The Rangers mounted a two-out rally in the third against Brandon McCarthy, as Alex Rios, Adrian Beltre, and Jim Adduci collaborated on a trio of singles to knot the game up at one apiece. Next up was J.P. Arencibia, who ripped a two-strike curveball from McCarthy all the way to the wall in left field for a two-run double that gave Texas a 3-1 advantage. Arencibia added a solo blast off McCarthy in the fifth inning to extend the lead to 4-1, but that lead quickly evaporated in a disastrous sixth inning for the Rangers.
Gardner led off with a double to right field and moved up to third base on an infield single by Derek Jeter. Two batters later, Carlos Beltran ripped a hard grounder off the glove of the diving Arencibia at first base to cut the lead to one. Brian McCann brought home the tying run with a sacrifice fly before Martinez walked his final batter of the night, Chase Headley. Zoilo Almonte and Brendan Ryan collected back-to-back base knocks off reliever Shawn Tolleson to give New York a 7-4 lead.
Just when it seemed that the inning couldn’t get any worse for Texas, the Yankees tacked on their seventh run of the frame when a fly ball to right-center bounced off Leonys Martin's glove then glanced off his face before falling in for a three-base error.
The Yankees added two more runs in the top of the seventh to improve the lead to 10-4. If any Rangers fans decided to call it a night at that point, they missed out on an eventful final few innings.
Adam Warren came in to relieve McCarthy in the seventh and promptly allowed the first two runners to reach base. After getting Beltre to ground into a force out, Warren walked Adduci to load the bases. That was all Joe Girardi wanted to see from Warren, as he brought Dellin Betances out to face Arencibia. The count went full on Arencibia and Betances brought 97 mph heat with the payoff pitch. Unfortunately for him, the pitch was over the plate and at the letters, and Arencibia crushed it for a grand slam that brought the Rangers to within two runs.
Mark Teixeira answered Arencibia’s second dinger of the night with a two-run blast of his own in the eighth inning to extend the margin back to four runs. Texas added another run in the home half of the eighth to create a save situation for Girardi, who brought in David Robertston to pitch the ninth. The Yankees' stopper started the frame by fanning Arencibia (the only time he was retired), but allowed a pair of singles and walked three batters to load the bases for Beltre with two outs and the tying run 90 feet away. However, Texas’ storming comeback fell just short, as Beltre lifted Robertston’s payoff pitch in front of the warning track in left field for the final out of the 12-11 contest.
Francisco Lirano’s calling card has always been his devastating slider. The offering was on point last night against the Giants, as the southpaw went to it 29 times and generated nine swing-and-misses with it. However, Liriano’s weapon of choice last night against a right-handed heavy San Francisco lineup ended up being his changeup. Of the Giants' starting position players, six of them batted from the right side last night, and Liriano kept them off balance by utilizing the change 44 percent of the time against right-handers. The Giants whiffed on 11 different changeups.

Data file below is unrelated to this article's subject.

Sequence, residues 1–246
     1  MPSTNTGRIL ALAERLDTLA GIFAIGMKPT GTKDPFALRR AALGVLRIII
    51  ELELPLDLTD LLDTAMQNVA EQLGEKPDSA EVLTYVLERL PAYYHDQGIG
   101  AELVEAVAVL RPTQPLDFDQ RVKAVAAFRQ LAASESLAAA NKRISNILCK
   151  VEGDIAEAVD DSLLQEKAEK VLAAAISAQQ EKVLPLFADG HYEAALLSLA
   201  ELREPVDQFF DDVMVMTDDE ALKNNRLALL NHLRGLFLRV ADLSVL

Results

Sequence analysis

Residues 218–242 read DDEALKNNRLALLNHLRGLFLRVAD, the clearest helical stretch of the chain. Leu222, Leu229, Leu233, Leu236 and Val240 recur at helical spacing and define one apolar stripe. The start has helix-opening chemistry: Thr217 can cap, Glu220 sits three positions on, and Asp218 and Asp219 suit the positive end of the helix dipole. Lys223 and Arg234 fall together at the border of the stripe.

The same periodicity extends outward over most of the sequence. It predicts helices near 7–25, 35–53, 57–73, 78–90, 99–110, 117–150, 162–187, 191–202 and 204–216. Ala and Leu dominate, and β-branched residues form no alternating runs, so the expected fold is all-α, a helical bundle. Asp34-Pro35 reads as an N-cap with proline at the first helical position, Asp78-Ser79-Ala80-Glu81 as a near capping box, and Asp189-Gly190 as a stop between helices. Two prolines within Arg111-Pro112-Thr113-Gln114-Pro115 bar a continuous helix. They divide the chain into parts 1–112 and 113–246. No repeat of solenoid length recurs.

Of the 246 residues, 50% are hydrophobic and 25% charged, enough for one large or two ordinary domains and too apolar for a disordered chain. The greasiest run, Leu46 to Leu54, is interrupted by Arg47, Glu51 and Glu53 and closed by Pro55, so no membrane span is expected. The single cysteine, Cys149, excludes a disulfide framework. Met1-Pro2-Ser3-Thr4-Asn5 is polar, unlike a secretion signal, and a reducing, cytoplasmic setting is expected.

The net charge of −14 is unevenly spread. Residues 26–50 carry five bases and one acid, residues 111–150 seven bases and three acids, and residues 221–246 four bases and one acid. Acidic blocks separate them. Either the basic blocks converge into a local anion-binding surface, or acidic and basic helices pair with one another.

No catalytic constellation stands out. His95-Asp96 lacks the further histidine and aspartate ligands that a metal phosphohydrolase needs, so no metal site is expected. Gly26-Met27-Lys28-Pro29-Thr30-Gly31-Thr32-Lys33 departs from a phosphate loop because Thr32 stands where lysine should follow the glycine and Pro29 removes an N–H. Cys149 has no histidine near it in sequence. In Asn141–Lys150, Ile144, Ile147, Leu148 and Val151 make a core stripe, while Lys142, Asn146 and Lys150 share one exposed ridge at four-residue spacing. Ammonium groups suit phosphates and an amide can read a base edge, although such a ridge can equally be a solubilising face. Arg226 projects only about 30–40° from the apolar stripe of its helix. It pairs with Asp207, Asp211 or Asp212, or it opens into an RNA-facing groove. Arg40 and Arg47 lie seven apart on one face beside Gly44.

At times, Liriano’s command was spotty, but he was armed with two secondary pitches that missed bats on Tuesday night and was able to rack up a season-high 11 punchouts over seven innings. The one blemish on Liriano’s night was a solo blast that Michael Morse hit in the third inning, but the Pirates came out on top by a final of 3-1 with a pair of early home runs off Tim Hudson by Josh Harrison and Travis Snider.
When Jeff Samardzija took the hill last week against the Astros, he tossed eight dominant innings in a 13-1 drubbing. Last night, the Astros were able to tally four runs against Samardzija before chasing him in the seventh inning, giving them a 4-1 lead and a chance to clinch a series win against Oakland heading into the ninth inning.
However, Chad Qualls was at the forefront of an epic meltdown by Houston, as the Athletics were able to storm back. Derrick Norris started the rally with a one-out infield single. Josh Reddick followed with a double to right field. Next up was Alberto Callaspo, who laced a single to center field to cut the deficit to one run. A fielder’s choice and a walk later, Yoenis Cespedes stepped to the plate with two outs and the tying run in scoring position. The Cuban slugger delivered with a flare to shallow right field to even the score and knock Qualls out of the game.
In came Tony Sipp, and the Houston left-hander worked Brandon Moss to a 3-2 count before Moss lined a single past the diving Jose Altuve, positioned in short right field, to give Oakland a 5-4 lead. Moments later, Josh Donaldson put an exclamation mark on the six-run inning with a two-run double over the head of center fielder Enrique Hernandez that rolled all the way up Tal's Hill to the 436-mark in straightaway center.
Sean Doolittle shut the door with a perfect ninth inning to complete the unlikely 7-4 come-from-behind win.
The Defensive Play of the Day
What to Watch on Wednesday
Jesse Hahn has been outstanding in limited action this season for the Padres, riding his fastball-curveball combo to over a strikeout per inning and a 2.86 FIP through his first eight big league starts. However, Hahn totaled just 69 innings in the Rays system last year and San Diego manager Bud Black recently stated that the club plans on limiting the 24-year-old to just five to 10 more starts this season. Hahn occasionally reels off a slider or changeup, but his secondary offering of choice is the curveball, which ranks ninth in baseball with a .154 True Average (among curves thrown at least 200 times this season). It should come as no surprise that Hahn elects to use his curve nearly 30 percent of the time; the pitch has averaged over eight inches of break both vertically and horizontally, and has generated a swing-and-miss over 21 percent of the time. Even when hitters aren’t swinging through the pitch, Hahn’s curve can still leave batters looking foolish. Case in point: Ruben Tejada.
Next on the docket for Hahn is St. Louis, who will counter with Joe Kelly while their hitters attempt to solve the San Diego rookie (10:10 p.m. EST).